MailGuard has intercepted a phishing email masquerading as an automated file-sharing notification, designed to harvest your confidential credentials.
Titled “SD-019478”, the email address used in its “to:” field is the same as the sender’s email address. It actually originates from a compromised email address. The email body includes a header titled “Adobe Creative Messaging System”. It informs the recipient that a “secured document” has been shared “using Adobe Creative Cloud Service”. A button is provided to open the file.
There is also a footer at the bottom of the email, which informs the recipient that “this email has been scanned for malicious malware by Adobe creative cloud anti-virus”.
Here’s what the email looks like:
Clicking on the link to open the files takes users to a page containing the GetAccept logo, which is a sales enablement platform. The domain used in the URL of this page however, doesn’t belong to GetAccept, but points to a publicly available hosting site. A blurred preview of the supposed file is included in this page, along with links for users to download or view the file, as per below:
When a user clicks on the file, they are taken to another page and asked to select their email account, either Office365 or other email, as per the below:
This is a phishing page that appears to be hosted on either a compromised or newly purchased domain. The phishing page mentions Sharepoint, OneDrive and Office 365, but only uses logos and no sophisticated branding. After users select their preferred email account, they are taken to a login form asking for their email address and password. Once these credentials are entered and submitted, the attacker harvests them for later use, and the user is met with an error saying that the credentials are invalid.
We strongly advise all recipients to delete these emails immediately without clicking on any links. Please share this alert with your social media network to help us spread the word around this email scam.
As you can see from the screenshots above, cybercriminals have employed multiple elements to trick recipients. Here are some of them:
- The email body implies the document is shared via Adobe Creative Messaging System. Adobe is a popular software company that is commonly used in businesses. Their good reputation lulls victims into a false sense of security, and with such a large number of users they are an easy and attractive target.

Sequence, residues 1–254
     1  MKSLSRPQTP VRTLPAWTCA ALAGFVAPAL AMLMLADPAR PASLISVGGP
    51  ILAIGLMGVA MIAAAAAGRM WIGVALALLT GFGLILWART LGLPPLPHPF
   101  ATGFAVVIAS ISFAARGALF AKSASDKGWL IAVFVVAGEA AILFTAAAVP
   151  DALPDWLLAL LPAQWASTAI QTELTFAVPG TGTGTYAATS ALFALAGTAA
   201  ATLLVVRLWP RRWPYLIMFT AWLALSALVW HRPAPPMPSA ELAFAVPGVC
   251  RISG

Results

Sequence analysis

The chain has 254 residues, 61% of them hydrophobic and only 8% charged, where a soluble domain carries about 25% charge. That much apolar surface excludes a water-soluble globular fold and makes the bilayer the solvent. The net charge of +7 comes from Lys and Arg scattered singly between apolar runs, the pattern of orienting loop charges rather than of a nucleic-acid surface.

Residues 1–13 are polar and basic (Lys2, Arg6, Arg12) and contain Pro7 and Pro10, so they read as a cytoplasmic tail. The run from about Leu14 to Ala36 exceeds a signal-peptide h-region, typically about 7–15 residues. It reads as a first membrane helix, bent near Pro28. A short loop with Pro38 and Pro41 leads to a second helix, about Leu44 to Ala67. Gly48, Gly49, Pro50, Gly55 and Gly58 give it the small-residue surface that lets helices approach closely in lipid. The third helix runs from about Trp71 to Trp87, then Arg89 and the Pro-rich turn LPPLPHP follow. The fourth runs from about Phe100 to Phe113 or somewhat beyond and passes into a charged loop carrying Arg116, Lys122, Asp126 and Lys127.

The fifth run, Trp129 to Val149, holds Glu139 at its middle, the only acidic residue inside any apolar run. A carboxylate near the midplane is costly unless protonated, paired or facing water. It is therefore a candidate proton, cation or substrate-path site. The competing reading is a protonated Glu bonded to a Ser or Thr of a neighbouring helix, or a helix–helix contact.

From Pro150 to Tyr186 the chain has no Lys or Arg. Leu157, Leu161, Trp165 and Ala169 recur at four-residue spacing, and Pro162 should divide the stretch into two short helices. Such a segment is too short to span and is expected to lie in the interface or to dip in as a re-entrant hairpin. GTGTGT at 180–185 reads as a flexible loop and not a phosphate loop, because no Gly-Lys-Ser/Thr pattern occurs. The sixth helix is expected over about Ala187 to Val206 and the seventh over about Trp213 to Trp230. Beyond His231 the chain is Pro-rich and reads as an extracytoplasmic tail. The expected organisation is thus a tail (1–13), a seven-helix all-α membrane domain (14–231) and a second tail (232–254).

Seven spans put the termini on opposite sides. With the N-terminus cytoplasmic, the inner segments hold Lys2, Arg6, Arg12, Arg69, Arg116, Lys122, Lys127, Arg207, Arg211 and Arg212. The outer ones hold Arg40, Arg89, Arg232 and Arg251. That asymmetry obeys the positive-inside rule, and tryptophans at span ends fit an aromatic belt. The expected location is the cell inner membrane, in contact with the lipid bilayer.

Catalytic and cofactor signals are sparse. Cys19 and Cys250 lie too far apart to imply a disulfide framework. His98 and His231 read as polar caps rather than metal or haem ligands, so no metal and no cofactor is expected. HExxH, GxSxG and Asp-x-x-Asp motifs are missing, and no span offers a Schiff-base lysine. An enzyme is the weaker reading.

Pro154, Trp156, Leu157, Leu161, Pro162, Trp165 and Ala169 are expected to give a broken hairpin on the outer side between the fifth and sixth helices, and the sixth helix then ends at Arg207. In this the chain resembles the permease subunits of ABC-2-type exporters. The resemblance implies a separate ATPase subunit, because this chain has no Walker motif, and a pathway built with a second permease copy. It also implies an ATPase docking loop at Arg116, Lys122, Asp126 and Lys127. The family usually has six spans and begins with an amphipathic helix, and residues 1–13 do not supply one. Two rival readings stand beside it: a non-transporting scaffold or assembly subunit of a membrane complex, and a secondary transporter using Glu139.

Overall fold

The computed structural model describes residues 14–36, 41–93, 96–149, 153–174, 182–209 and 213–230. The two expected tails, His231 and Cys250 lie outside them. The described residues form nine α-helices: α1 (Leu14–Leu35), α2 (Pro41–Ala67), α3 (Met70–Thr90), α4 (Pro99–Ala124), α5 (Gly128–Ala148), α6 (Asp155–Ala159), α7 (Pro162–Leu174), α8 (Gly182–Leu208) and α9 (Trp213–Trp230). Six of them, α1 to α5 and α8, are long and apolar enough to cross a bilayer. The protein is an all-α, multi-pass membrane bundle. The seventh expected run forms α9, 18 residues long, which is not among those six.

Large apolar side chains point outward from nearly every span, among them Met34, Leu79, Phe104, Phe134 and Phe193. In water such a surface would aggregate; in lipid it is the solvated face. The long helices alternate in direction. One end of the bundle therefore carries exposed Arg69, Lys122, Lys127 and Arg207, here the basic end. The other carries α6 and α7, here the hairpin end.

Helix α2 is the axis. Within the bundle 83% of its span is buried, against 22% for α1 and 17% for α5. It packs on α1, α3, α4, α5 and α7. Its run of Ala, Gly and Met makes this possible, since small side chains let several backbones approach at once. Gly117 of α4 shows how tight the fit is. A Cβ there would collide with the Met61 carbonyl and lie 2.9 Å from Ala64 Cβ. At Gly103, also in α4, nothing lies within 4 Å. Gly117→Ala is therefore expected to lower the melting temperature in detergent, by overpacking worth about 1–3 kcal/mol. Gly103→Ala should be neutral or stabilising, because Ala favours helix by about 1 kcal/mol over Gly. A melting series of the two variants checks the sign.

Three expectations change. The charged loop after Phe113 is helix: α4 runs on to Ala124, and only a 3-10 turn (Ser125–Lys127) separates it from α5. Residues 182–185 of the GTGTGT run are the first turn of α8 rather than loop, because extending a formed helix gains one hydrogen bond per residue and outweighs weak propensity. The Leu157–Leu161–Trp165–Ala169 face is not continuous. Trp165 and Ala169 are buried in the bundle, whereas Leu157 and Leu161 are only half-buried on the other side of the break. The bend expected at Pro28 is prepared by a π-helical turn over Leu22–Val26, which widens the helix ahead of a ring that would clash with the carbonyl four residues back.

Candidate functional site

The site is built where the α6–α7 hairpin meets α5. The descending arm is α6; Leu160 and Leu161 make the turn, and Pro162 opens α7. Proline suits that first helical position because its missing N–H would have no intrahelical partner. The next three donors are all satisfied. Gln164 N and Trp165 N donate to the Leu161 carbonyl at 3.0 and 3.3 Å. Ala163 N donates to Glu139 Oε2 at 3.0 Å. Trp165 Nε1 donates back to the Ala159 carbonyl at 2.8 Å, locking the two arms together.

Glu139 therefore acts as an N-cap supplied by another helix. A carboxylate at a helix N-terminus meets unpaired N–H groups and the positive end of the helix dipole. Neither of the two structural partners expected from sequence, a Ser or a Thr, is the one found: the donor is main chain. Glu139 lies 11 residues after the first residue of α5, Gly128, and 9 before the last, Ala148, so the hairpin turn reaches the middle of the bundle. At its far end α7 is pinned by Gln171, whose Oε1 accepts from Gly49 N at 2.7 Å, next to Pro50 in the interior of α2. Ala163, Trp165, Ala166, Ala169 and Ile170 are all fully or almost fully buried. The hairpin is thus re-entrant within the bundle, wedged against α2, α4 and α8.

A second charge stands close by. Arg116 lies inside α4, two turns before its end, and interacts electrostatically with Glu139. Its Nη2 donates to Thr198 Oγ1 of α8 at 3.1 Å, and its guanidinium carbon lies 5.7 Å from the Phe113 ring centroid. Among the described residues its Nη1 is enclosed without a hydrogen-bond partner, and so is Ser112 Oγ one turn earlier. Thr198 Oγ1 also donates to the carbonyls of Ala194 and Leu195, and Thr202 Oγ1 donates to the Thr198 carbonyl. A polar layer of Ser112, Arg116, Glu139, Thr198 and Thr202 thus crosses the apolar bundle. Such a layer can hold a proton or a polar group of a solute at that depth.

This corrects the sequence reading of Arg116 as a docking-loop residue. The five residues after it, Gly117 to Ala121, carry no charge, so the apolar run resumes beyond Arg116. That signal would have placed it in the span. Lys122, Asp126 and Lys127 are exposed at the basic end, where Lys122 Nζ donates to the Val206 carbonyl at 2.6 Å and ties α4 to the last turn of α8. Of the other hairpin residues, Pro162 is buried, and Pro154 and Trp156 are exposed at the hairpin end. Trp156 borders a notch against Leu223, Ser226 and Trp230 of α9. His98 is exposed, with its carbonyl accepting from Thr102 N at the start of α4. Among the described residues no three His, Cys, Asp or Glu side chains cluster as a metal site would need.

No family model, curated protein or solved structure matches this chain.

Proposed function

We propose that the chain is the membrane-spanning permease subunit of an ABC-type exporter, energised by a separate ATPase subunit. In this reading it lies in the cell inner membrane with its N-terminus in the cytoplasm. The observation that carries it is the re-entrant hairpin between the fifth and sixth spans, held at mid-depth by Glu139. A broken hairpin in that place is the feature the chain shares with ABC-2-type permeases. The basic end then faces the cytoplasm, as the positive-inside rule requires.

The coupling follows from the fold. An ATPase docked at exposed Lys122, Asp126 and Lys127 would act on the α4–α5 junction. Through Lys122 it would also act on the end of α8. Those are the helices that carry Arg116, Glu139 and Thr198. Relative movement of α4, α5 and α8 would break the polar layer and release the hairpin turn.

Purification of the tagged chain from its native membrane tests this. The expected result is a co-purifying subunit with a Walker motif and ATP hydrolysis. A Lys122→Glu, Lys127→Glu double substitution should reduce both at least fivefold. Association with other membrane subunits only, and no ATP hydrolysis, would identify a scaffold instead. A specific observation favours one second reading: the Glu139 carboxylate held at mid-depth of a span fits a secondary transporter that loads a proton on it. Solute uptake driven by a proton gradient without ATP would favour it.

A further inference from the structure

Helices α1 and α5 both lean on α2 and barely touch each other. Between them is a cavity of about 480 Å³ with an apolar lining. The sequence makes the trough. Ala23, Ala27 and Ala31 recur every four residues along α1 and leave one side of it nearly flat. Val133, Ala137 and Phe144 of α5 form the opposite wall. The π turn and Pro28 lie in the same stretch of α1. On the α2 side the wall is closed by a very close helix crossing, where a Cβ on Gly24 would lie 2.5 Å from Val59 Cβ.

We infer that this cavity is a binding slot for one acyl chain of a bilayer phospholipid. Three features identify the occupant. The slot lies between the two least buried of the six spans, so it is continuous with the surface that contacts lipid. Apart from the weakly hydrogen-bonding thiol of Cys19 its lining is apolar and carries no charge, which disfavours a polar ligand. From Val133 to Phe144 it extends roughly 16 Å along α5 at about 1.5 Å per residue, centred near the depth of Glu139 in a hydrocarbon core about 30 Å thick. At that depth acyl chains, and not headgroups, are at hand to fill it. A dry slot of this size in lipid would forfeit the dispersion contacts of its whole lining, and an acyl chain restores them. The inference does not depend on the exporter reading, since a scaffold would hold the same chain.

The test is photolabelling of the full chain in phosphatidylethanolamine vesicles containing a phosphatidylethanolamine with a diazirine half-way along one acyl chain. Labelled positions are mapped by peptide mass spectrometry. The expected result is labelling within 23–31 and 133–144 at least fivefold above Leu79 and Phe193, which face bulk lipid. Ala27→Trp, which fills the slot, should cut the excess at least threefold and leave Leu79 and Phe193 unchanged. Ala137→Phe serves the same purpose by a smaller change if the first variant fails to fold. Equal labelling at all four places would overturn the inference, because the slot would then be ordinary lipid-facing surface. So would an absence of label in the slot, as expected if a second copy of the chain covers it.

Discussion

- The footer at the bottom of the email body ironically claims that the email has been “scanned for malicious malware”. Anti-virus messages like these are common in genuine notifications from established companies like Adobe, thereby boosting the credibility of the email.
- This email also attempts to intrigue; telling the recipient that a new document has arrived creates a sense of curiosity. This motivates the recipient to click on the provided link right away, distracting them from checking the sending address of the email and looking out for any other errors.
Despite these techniques, eagle-eyed recipients of this email would be able to spot several red flags that point to the email’s in-authenticity. These include the fact that the email doesn’t address the recipient directly, that Adobe’s branding and logos do not appear in the email body, and the phishing page do not use domains belonging to either Adobe or Microsoft.
In such cases, users are reminded of the importance of not accepting/clicking on documents from unknown senders, despite the organisation they purport to be from. All attachments/links should only be accessed when users are certain about the credibility of their owners.
As a precaution, MailGuard urges you not to click links within emails that:
- Are not addressed to you by name.
- Appear to be from a legitimate company but use poor English, or omit personal details that a legitimate sender would include.
- Are from businesses that you were not expecting to hear from.
- Take you to a landing page or website that is not the legitimate URL of the company the email is purporting to be sent from.
Phishing attacks can be enormously costly and destructive, and new scams are appearing every week. Don’t wait until it happens to your business; protect your business and your staff from financial and reputational damage, now.
One email is all that it takes
All that it takes to break into your business is a cleverly-worded email message. If scammers can trick one person in your company into clicking on a malicious link they can gain access to your data.
For a few dollars per staff member per month, you can protect your business with MailGuard's predictive and advanced email security.
Talk to a solution consultant at MailGuard today about securing your company's network.
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